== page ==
Merry Christmas Issaquah assists families in need
November 26, 2013
By Christina Corrales-Toy
When popular Bellevue eatery Lil’ Jon restaurant went up in flames June 13, it was a heartbreaking blow for regulars that frequented the spot, known for its breakfasts.
It was even worse for Issaquah resident and Lil’ Jon server Marita Davidson, who temporarily lost her job, as the restaurant underwent a major rehabilitation.
“It’s been there so long and nothing tragic has ever happened there before, so we were all in shock and devastated by that,” she said. “It was hard to regroup after that with the loss of income.”
Davidson will return to her job in mid-December, when the restaurant is set to reopen after extensive repairs, but it is this kind of sudden, unexpected occurrence, that moves Issaquah Community Services into action.
The all-volunteer organization offers emergency financial aid to residents of the Issaquah School District in the form of utility payments, rent assistance and other miscellaneous contributions, depending on a client’s specific need.
Issaquah Community Services helped Davidson, who cares for her three young grandchildren, pay for her rent and power bill while she got back on her feet.
“They’re just so wonderful. They make you feel so welcomed when you come to them,” Davidson said of the all-volunteer staff.
Issaquah Community Services receives about 500 requests for emergency aid each year. The organization currently has an annual budget of just more than $100,000.
The nonprofit is maintained by a team of 25 volunteers, allowing nearly every penny donated to go directly to the families in need.
Merry Christmas Issaquah is the organization’s most important fundraiser all year. Organizers set a $75,000 goal for 2013.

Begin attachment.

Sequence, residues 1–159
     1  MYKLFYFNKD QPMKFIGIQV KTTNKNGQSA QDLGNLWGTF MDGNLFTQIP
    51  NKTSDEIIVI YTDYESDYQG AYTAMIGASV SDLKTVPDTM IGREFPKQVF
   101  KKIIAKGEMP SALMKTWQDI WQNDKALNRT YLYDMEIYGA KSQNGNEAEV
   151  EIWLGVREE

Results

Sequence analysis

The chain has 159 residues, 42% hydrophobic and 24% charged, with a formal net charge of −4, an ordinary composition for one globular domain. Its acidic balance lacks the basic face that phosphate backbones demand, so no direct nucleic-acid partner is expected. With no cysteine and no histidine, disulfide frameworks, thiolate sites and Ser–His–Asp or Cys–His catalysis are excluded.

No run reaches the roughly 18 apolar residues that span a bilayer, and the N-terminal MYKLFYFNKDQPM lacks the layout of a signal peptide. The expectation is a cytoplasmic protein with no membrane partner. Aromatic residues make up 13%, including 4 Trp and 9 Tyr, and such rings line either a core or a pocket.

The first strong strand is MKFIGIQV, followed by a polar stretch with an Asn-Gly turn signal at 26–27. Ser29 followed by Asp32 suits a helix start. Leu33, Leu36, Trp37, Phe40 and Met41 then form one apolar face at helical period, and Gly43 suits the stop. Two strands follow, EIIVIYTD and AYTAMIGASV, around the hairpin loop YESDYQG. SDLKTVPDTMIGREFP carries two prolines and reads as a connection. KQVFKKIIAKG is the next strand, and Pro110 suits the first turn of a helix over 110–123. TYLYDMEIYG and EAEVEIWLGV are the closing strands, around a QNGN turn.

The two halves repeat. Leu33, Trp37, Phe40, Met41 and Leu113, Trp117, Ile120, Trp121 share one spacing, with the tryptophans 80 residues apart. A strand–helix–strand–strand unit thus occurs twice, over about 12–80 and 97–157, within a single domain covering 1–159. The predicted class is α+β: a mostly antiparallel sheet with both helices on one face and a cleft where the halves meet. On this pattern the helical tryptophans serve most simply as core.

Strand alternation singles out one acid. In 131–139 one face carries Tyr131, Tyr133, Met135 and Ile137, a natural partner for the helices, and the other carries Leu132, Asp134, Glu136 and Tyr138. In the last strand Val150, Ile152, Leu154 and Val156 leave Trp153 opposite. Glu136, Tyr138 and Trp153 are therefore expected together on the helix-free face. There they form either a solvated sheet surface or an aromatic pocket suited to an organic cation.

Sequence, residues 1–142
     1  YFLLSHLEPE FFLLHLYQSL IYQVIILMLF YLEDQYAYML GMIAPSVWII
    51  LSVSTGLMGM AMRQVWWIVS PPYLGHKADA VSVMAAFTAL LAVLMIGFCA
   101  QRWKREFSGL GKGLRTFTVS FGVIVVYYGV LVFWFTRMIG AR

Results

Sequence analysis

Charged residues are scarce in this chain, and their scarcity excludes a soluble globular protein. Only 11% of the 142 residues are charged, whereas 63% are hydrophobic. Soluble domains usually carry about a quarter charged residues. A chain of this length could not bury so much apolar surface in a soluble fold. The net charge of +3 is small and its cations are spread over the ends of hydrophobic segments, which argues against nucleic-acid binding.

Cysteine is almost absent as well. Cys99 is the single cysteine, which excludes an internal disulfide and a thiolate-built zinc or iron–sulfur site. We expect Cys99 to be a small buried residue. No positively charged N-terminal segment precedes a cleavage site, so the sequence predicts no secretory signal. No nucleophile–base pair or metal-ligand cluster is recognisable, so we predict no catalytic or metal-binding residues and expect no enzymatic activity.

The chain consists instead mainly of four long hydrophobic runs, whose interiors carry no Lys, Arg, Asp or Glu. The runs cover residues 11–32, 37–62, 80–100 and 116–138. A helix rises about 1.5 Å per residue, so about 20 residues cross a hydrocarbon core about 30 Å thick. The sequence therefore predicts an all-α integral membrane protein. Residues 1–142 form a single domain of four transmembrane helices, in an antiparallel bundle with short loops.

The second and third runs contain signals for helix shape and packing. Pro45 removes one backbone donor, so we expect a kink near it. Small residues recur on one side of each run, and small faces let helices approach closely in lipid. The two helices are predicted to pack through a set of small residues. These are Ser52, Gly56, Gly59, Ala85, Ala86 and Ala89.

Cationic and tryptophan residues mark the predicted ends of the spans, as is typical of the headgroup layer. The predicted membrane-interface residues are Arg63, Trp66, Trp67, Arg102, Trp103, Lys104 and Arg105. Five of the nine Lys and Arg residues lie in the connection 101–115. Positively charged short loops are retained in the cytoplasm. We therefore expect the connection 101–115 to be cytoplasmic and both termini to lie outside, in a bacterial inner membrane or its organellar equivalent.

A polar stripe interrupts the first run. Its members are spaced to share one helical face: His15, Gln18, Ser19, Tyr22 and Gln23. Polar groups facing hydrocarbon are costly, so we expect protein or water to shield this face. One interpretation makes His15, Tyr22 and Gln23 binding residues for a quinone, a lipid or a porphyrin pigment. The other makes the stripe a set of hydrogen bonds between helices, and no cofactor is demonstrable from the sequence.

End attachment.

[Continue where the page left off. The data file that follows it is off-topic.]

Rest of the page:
The fundraiser — spearheaded by The Issaquah Press since 1981 — set a record for the number of donors last year with 244, but fell short of its $75,000 goal, raising $68,683.
Issaquah Community Services relies on a trained team to assist people in need — especially if the person requesting assistance is embarrassed or reluctant.
That’s one of the things Davidson said she appreciated most about the organization — a staff that understood the needs of their clients and were sensitive to their situations.
“They’re an organization that really cares about people that are coming to them in need, and they don’t make them feel ‘less than’ just because they’re asking for help,” she said.
The holiday fundraising drive accounts for about 80 percent of Issaquah Community Services’ annual budget.
The fund has received more than $800,000 in donations since its inception.
Davidson said she would always be grateful to Issaquah Community Services for coming into her life at a time when she most needed it.
“There’s no one else like them out there, that helps the way they do,” she said, “and with the attitude that they have.”